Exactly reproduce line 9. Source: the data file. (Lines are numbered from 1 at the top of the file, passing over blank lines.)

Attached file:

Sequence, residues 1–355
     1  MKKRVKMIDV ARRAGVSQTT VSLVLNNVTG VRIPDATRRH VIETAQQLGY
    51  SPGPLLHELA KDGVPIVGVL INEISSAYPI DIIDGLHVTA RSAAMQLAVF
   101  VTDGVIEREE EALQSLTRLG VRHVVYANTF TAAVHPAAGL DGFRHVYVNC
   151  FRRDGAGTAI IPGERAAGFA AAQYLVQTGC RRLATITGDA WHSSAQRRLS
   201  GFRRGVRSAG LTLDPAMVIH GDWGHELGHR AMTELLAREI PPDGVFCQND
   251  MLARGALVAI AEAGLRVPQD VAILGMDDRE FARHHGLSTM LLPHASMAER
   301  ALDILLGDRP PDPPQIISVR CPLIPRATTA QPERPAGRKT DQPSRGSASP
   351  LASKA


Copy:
   351  LASKA